Monday, October 4, 2010
I've interviewed mayor Larry O'Brien many, many times over the last four years. I don't claim to know him well, but I can tell you I have never seen him quite like I did today. He was subdued, humble, and contrite. There was no swagger, just a very earnest plea to voters. We were speaking about the new poll by Holinshed Research Group. Asked: "If the municipal election were held today, who would you vote for the mayor of Ottawa? (Supporting & Leaning)," 36 per cent of the 396 respondents picked Jim Watson, and just 16.6 per cent chose O'Brien. Nearly 30 per cent were undecided. I asked the mayor what he thought of that, and here's some of his response:
"I think it confirms something that I've been feeling for a number of week, that there's a lot of people out there that voted for me that are, quite frankly they're disappointed in what I did during the first couple of years, and I have to admit that my first two years weren't very good. I was a novice, I made a lot of mistakes, I created a lot of my own problems. And (I) started to catch on after I made a...made a significant effort to understand really what this job is. It's a big job, and as I started to become more comfortable with this, quite frankly biggest job I've ever had in my life, things started to move forward and I'm hoping I can ask for the support of my, you know the people who wanted me to succeed four years ago, ask them to think about supporting me again. The next four years won't be like the last four years. It'll be like the last year times four."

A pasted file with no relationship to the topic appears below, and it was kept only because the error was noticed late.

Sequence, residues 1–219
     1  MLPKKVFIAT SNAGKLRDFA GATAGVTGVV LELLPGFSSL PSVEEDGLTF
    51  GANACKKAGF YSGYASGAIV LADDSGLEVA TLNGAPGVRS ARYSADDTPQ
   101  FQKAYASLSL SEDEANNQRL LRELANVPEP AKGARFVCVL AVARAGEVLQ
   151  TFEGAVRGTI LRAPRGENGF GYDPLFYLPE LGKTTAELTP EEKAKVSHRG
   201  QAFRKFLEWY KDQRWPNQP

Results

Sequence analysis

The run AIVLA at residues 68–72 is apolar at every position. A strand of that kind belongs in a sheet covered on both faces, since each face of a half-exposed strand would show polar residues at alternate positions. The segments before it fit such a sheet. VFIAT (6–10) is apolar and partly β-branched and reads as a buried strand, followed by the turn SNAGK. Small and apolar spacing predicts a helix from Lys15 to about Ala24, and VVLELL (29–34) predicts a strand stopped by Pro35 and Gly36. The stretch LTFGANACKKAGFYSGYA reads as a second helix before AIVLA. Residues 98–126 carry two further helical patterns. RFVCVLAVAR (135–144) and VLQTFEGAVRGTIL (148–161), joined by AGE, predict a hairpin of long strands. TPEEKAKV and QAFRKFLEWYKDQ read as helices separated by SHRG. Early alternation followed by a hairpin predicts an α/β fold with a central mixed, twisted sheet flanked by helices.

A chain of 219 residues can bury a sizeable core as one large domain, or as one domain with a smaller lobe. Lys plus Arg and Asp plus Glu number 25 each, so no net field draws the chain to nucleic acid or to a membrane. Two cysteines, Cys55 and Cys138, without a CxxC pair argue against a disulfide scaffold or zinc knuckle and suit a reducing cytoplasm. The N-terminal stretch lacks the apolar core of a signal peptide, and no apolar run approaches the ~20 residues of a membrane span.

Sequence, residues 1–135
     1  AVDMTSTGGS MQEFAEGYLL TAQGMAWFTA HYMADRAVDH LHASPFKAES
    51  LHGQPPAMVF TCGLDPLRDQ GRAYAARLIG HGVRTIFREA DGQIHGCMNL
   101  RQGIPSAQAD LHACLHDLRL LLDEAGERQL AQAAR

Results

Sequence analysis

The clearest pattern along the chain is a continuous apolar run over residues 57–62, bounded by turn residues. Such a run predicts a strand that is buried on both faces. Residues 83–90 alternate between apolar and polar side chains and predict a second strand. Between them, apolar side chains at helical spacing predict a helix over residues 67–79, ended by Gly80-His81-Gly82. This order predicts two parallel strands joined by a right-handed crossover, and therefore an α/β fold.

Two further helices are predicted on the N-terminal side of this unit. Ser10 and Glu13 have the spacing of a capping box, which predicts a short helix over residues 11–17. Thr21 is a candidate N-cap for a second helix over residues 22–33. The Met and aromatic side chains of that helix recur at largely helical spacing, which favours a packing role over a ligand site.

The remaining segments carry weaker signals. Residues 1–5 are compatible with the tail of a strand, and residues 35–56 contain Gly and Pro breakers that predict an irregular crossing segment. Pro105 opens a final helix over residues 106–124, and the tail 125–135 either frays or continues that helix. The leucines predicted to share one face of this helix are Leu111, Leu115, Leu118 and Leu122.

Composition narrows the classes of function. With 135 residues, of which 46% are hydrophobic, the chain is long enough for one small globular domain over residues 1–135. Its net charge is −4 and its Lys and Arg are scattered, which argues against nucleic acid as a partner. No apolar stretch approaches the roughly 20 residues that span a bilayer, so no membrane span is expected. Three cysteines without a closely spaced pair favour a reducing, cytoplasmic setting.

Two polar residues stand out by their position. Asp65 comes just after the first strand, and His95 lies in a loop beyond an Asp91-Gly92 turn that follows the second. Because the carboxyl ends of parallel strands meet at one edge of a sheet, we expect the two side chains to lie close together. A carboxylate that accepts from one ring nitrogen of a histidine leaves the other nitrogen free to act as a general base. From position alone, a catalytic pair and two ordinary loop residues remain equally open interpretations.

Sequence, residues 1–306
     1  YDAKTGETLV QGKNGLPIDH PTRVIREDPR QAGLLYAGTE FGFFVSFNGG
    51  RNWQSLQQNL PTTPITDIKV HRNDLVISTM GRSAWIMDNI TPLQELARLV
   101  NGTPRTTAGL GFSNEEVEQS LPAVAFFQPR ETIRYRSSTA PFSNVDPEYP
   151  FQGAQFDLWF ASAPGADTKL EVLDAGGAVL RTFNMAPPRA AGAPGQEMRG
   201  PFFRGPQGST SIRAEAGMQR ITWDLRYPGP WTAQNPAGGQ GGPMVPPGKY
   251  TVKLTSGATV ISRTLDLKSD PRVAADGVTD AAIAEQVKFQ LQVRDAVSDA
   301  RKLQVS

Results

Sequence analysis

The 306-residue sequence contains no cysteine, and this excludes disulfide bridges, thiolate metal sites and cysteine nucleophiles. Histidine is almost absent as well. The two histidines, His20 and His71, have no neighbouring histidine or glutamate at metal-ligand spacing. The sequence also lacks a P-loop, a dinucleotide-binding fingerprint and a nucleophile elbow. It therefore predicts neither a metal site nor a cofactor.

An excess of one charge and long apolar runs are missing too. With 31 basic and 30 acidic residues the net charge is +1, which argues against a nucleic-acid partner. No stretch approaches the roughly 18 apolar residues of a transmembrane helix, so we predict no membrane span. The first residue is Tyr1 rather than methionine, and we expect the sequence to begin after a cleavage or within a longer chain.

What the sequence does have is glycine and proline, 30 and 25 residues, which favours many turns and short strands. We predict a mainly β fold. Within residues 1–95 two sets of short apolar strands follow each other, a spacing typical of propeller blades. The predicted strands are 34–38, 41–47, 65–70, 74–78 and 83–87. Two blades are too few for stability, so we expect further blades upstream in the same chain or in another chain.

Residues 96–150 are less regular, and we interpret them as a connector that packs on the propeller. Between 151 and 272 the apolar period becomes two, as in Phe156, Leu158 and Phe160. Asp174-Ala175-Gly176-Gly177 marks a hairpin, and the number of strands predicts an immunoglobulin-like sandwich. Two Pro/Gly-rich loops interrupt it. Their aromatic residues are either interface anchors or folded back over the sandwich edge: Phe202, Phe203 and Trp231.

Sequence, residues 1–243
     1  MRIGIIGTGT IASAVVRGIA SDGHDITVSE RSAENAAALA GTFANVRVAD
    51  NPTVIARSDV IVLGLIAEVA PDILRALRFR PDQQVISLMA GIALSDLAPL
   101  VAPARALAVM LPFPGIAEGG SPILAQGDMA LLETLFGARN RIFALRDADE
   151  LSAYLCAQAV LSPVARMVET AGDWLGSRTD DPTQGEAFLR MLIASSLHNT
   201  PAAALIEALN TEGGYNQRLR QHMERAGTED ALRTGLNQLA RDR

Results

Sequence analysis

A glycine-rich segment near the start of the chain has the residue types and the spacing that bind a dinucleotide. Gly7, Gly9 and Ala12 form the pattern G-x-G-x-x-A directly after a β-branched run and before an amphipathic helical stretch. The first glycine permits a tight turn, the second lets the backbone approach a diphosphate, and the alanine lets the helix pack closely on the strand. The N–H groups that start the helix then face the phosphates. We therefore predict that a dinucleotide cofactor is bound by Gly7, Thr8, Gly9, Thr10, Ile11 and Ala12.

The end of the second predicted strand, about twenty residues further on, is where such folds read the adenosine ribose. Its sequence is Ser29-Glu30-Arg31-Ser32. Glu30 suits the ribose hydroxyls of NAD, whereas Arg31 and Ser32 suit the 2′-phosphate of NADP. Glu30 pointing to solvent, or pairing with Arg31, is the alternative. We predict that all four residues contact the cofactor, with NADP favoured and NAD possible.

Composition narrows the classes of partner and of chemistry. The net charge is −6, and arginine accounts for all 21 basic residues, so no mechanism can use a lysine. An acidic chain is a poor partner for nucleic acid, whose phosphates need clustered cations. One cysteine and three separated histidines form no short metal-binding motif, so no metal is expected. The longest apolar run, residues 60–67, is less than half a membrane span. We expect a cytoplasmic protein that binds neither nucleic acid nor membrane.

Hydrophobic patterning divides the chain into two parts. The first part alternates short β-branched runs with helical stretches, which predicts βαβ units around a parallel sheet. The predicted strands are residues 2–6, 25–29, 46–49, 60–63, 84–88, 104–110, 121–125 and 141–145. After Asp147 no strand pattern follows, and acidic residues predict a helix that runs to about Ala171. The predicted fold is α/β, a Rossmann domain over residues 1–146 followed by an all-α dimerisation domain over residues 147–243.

A frank admission, and a big promise. O'Brien will now want to focus squarely on that 30 per cent who haven't decided who they'll vote for. It's also worth noting that, while 64 per cent want a change, 23 per cent think O'Brien has done a good job and deserves to be re-elected.
The telephone poll was conducted from September 28th to October 1st. Three-hundred and ninety-six people responded. The results are considered accurate to within plus or minus 4.92 per cent, 19 times out of 20. The pollster calls that margin "within the industry standard" for this kind of survey.